Martin Pollack was born in 1944 in Bad Hall in Upper Austria. After his apprenticeship as a carpenter and cabinetmaker, he began his academic career studying Slavic Studies and Eastern European History. During his studies in Vienna and Warsaw, Pollack worked as a translator and reporter. His intense concern with the historical developments of Eastern Europe and his related journalistic activities form, to this day, the cornerstone of his work. His knowledge of the Slavic regions first came to the attention of a wider audience with the publication of his fictitious travel guide »Nach Galizien« (1984, tr: To Galicia) in which he describes the long-vanished sites of this historical region. His documentary approach and literary style are already fused here in a complete form which remains characteristic of both Pollack’s reports and his historical novels. The latter are largely concerned with the National Socialist history of his country. In »Anklage Vatermord« (2002, tr: Charged with Patricide) the author reconstructs the Nazi show-trial of the photographer Philipp Halsmann, while in »Der Tote im Bunker« (2004, tr: The Dead Man in the Bunker, 2006) he looks at his own father’s National Socialist past.
Alongside his literary writing, Pollack has in recent years been well known for his reports, stories and essays from and about various regions in Eastern Europe. His book »Warum wurden die Stanislaws erschossen?« (2008, tr: Why Were the Stanislaws Shot?) is, on the other hand, a compilation of his own reports from the last 25 years. Pollack wrote of the selection of the texts, which are about the political transformation of Eastern Europe: »When I try to place early work alongside newer texts being published here for the first time, I do so with the intention of calling attention to the transition period and the transformation. On the one hand it is already history […] and on the other hand, it is far from being over and continues to have an effect.«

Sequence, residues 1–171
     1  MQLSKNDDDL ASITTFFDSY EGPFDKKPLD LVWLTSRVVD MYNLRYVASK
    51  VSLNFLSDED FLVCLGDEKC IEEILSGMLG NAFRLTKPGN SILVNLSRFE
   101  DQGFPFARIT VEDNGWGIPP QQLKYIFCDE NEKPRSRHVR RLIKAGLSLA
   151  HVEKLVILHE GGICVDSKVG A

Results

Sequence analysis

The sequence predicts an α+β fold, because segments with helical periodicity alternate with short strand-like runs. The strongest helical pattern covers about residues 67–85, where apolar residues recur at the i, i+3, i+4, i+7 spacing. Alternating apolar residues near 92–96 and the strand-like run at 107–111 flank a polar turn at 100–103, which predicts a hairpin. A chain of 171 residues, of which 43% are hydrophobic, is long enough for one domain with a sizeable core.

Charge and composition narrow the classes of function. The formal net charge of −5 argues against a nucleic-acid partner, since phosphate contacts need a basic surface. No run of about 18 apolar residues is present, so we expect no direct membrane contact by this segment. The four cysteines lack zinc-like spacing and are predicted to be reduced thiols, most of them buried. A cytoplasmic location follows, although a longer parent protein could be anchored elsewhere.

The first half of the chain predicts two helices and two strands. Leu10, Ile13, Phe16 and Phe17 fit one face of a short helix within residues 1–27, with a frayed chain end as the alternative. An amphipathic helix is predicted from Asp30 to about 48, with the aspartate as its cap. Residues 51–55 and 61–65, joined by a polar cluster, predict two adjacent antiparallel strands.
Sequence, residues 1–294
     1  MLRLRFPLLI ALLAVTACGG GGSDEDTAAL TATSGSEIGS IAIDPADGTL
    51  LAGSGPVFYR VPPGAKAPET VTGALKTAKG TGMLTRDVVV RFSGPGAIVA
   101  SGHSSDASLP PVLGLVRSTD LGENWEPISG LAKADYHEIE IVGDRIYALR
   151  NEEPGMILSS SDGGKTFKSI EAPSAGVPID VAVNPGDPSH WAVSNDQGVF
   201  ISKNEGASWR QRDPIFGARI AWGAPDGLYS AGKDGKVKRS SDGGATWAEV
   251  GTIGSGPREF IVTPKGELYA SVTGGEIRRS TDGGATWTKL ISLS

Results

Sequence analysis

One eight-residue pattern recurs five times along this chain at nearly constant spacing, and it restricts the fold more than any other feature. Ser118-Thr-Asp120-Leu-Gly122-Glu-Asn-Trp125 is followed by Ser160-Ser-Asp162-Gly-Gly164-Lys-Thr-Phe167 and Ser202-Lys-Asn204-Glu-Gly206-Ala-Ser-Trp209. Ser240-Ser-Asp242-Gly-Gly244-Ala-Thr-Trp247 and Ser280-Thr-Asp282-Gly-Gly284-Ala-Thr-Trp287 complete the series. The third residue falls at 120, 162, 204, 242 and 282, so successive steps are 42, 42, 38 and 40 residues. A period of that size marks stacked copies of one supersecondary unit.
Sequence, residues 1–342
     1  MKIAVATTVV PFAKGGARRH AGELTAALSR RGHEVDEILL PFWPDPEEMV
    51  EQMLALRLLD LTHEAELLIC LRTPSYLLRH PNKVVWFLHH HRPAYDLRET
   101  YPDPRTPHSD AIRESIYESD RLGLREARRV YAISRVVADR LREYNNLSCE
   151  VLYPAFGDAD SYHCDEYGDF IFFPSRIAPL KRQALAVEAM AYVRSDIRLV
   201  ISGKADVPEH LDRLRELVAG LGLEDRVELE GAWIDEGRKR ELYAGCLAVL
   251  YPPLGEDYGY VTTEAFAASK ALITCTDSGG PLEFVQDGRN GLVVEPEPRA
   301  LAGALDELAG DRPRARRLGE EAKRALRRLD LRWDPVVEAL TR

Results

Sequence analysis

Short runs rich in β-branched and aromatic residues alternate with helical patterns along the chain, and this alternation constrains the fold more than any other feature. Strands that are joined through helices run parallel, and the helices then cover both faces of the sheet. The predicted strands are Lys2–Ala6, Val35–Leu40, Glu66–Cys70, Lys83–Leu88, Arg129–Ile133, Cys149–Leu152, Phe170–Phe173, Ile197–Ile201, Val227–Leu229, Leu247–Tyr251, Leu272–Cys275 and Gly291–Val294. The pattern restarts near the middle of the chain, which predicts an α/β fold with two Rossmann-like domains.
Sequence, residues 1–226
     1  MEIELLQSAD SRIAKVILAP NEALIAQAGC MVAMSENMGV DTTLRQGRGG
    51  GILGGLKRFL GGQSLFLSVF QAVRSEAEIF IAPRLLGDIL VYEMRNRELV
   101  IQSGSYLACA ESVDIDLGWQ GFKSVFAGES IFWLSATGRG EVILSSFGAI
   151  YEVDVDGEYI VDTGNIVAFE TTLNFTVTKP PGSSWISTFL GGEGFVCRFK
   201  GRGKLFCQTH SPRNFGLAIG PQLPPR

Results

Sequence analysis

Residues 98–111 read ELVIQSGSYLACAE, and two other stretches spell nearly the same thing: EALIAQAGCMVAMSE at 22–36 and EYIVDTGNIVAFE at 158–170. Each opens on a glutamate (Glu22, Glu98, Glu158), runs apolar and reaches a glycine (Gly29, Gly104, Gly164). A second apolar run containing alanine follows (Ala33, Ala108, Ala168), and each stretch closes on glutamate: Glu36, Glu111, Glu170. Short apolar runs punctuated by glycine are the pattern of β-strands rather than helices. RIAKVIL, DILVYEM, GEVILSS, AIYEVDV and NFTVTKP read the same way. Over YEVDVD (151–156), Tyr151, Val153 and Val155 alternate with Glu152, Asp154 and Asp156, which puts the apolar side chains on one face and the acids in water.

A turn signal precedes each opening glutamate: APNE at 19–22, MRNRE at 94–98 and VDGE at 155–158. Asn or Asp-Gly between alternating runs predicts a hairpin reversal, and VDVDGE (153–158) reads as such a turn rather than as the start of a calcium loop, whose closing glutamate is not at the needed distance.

Pollack is engaged in the historical processing of National Socialism and Communism and works towards an understanding between Poland and Austria in his activity as a translator. His dedication to these goals has earned him numerous awards. In 2003, he was awarded the Cavalier’s Cross of the Order of Merit of the Republic of Poland and the Austrian State Prize for Literary Translations. In 2007, he was presented the Karl-Dedecius-Prize for German and Polish translators, and the Tolerance Award of the Austrian Book Trade. Pollack also won the Georg-Dehio-Boo-Award for his life’s work in 2010. He lives in Vienna and Siegersbach.